African-Americans protested against injustice since the earliest slave revolts over 400 years ago. Yet, because of its attempt to dismantle Jim Crow segregation, Brown v. Board of Education can be seen as the spark that ignited the Civil Rights Movement of the 1950s and 60s. The Court's well-publicized 1954 decision moved white citizens to band together to protect their way of life, but it also bolstered activists who would fight for the next decade to end the indignities perpetrated against one segment of American society, in flagrant violation of federal law.

Employing a range of tactics and philosophies, activists staged marches, peaceful demonstrations, sit-ins, boycotts and voter registration drives throughout the South to achieve civil rights gains for African-Americans.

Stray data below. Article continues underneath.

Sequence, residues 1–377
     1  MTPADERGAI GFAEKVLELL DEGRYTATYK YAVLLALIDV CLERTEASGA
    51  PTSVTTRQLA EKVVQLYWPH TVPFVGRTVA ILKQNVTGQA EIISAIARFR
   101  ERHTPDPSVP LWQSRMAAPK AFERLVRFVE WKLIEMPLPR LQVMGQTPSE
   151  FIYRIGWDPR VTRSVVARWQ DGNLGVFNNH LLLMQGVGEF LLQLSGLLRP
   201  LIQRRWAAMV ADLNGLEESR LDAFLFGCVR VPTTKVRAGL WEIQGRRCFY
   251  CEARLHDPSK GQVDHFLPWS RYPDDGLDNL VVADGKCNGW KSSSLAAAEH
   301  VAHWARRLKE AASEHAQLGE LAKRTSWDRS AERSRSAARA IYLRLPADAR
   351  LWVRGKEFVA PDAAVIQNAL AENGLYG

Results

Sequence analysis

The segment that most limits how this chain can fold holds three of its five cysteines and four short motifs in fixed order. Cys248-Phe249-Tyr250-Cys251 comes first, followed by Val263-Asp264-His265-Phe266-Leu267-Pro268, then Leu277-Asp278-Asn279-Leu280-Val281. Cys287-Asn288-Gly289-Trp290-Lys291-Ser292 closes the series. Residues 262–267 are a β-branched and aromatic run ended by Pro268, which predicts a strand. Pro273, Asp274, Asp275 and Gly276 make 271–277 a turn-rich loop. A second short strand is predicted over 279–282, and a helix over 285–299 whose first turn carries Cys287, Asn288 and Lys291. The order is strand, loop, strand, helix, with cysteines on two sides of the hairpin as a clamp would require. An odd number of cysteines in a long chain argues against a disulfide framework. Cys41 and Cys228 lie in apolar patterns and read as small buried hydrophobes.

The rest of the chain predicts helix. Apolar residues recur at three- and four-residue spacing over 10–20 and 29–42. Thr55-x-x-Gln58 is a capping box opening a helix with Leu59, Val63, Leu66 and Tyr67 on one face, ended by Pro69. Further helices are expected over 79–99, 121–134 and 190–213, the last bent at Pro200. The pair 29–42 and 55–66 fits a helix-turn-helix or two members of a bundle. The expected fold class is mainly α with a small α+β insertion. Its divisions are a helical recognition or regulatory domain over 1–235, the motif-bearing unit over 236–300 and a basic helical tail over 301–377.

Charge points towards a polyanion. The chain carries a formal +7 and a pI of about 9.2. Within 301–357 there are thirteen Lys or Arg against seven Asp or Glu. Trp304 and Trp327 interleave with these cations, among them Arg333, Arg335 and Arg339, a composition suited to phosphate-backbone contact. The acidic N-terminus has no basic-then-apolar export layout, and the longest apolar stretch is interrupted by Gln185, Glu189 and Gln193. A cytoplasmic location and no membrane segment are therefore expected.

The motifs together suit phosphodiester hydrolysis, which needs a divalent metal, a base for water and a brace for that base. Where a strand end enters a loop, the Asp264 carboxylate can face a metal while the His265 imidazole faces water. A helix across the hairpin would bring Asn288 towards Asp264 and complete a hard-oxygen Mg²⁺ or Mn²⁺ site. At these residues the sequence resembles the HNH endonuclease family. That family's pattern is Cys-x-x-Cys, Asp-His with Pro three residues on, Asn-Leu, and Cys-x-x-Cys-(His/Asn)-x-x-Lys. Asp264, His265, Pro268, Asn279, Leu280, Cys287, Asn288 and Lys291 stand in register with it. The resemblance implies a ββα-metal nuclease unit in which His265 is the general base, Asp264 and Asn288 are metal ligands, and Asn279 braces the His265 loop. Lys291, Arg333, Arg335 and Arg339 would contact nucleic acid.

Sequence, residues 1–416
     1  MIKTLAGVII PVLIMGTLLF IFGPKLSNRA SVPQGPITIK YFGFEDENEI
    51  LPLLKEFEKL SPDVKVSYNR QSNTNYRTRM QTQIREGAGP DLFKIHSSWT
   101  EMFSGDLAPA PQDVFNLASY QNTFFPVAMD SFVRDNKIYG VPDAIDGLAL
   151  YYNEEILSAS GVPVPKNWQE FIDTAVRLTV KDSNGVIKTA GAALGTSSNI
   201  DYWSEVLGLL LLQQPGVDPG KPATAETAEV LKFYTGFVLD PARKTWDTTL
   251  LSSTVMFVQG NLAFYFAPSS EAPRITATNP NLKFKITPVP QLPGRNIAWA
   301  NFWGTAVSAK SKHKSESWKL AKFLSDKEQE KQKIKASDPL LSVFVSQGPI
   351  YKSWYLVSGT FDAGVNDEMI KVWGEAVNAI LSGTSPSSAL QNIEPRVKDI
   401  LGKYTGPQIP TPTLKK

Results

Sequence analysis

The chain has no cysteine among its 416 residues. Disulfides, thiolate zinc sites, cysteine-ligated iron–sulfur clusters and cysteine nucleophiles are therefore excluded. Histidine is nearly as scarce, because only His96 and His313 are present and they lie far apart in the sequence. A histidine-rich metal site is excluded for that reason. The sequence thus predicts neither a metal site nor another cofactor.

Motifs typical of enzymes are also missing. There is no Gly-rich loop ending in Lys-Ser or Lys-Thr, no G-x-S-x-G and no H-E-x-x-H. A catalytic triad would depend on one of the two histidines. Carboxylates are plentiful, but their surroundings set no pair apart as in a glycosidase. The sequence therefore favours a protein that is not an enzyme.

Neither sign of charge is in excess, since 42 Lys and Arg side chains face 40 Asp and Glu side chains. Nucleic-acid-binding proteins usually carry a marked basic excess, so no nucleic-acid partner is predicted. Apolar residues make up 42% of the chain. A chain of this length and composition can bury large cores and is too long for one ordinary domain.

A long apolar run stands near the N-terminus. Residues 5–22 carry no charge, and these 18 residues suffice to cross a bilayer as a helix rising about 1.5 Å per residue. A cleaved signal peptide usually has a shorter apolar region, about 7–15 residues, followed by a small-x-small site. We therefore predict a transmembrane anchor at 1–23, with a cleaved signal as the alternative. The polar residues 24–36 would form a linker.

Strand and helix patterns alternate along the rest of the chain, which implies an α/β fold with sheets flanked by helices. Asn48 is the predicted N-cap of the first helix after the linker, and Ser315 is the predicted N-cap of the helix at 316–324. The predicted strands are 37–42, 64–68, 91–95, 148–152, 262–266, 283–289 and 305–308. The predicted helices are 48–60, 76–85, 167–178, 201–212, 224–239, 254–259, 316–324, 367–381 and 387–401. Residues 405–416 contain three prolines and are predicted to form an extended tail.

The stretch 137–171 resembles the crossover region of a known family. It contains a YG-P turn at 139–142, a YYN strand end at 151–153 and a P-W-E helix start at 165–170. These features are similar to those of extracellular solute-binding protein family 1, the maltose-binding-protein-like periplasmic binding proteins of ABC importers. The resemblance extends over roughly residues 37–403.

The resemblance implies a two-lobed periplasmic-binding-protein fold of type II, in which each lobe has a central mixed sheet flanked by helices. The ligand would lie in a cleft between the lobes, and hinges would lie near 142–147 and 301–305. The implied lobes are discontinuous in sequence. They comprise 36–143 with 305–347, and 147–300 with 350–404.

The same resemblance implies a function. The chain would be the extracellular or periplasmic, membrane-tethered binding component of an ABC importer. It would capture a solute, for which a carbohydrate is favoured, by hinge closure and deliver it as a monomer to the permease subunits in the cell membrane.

Civil Rights Milestones

1955 Arrest of Rosa Parks in Montgomery, Alabama for refusing to sit in the back of the bus and subsequent bus boycott later that year

1957 Confrontation between Little Rock, Arkansas and the federal government, when nine black students attempted to attend an all-white high school

1961 Freedom Rides, to expose illegal segregation practices in interstate bus and train travel

1963 March on Washington, during which Martin Luther King, Jr. delivered his landmark "I Have a Dream" speech

1964 Freedom Summer, when student volunteers from around the U.S. traveled to racist Mississippi to register black voters Passage of Civil Rights Act and establishment of a federal Equal Opportunities Commission (EOC)

1965 Selma to Montgomery March, which concluded with the passage of the Voting Rights Act